- Stars form inside masses of gas called molecular clouds. Most stars in the Milky Way take shape within the spiral arms that make up the galaxy’s main disk. But the new star clusters lie about 16,000 light-years from the disk.
- Camargo and his team discovered the star clusters, designated Camargo 438 and 439, inside a molecular cloud called HRK 81.4-77.8. The astronomers also found more than 400 other star clusters near or inside of the Milky Way’s arms.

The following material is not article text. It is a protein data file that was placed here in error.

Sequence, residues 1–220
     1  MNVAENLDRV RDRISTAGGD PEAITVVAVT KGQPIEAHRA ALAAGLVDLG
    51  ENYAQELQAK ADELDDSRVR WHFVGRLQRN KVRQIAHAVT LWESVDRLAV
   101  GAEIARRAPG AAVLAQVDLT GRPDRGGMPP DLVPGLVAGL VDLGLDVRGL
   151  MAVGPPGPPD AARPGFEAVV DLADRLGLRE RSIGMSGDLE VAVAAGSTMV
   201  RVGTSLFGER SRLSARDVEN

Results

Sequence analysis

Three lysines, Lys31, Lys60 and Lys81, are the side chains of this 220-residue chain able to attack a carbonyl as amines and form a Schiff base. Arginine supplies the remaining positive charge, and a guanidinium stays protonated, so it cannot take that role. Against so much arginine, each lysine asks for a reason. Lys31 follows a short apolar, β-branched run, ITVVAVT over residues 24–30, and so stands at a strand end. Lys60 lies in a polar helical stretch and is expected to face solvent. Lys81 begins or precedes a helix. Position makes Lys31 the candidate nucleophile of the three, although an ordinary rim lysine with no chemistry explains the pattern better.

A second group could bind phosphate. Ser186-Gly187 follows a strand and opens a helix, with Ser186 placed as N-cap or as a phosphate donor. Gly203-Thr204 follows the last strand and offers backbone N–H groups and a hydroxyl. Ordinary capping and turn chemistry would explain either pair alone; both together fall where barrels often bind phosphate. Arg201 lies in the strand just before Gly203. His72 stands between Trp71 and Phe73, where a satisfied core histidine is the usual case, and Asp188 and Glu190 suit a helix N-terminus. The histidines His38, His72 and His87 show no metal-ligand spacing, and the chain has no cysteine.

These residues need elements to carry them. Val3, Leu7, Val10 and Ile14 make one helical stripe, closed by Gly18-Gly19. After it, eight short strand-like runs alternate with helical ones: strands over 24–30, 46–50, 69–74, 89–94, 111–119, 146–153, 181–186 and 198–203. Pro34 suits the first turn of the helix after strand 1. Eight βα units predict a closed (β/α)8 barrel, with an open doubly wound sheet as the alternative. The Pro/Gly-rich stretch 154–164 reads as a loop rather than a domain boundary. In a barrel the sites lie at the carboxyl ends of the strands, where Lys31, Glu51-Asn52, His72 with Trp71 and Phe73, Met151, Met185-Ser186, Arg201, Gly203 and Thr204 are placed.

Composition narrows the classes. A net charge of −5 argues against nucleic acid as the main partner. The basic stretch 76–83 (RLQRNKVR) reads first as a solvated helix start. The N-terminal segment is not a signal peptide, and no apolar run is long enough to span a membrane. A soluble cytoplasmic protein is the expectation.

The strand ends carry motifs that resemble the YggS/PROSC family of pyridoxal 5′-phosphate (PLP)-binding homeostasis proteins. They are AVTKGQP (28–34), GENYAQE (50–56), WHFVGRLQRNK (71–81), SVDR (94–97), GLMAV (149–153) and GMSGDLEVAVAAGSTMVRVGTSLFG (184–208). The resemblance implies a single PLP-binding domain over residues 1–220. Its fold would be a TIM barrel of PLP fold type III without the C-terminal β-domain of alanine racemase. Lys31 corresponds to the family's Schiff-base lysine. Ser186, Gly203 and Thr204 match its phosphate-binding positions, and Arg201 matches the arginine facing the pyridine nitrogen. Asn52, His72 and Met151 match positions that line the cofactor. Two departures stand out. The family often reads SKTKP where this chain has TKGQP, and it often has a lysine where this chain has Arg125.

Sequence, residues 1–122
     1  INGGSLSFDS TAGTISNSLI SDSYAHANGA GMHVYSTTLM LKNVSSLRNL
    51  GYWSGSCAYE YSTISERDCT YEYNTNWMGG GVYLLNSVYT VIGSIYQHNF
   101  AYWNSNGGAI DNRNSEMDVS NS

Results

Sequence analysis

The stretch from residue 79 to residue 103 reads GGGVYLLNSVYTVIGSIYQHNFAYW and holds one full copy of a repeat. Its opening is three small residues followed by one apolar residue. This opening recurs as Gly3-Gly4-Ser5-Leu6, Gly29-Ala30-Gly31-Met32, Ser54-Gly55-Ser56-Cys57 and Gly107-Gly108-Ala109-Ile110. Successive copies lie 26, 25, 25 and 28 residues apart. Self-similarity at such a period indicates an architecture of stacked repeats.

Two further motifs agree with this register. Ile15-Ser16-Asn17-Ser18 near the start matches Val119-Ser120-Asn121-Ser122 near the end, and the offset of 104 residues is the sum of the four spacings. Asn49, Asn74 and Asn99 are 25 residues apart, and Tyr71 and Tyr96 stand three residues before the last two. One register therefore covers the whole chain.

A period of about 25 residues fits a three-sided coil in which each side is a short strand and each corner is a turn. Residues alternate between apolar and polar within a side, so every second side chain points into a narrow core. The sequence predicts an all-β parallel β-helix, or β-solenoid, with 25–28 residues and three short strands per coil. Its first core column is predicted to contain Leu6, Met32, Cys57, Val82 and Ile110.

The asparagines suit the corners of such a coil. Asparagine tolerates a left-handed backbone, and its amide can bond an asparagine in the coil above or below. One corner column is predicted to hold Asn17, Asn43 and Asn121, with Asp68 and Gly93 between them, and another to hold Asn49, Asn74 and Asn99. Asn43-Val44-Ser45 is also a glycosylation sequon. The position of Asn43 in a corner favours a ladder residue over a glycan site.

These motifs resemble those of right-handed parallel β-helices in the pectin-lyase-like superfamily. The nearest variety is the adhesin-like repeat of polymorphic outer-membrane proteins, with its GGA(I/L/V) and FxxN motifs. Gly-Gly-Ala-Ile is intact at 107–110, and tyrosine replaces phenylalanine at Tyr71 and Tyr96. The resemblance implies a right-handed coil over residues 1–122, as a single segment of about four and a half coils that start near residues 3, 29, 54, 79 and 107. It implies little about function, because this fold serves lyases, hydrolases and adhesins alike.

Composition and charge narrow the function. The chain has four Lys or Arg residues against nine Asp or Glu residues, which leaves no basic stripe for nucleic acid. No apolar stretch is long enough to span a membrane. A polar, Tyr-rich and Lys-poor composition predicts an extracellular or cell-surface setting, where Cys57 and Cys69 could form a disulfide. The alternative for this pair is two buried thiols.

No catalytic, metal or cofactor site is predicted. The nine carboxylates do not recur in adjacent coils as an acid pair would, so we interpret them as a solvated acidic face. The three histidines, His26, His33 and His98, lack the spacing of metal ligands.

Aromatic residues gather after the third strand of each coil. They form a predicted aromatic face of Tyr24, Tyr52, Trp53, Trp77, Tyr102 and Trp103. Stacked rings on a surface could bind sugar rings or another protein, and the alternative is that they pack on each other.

- The team is still investigating how the star-forming cloud housing Camargo 438 and 439 strayed so far. Supernovas could have hurled the gas and dust that formed the cloud out of the Milky Way, or the material could have drifted in from outside the galaxy.
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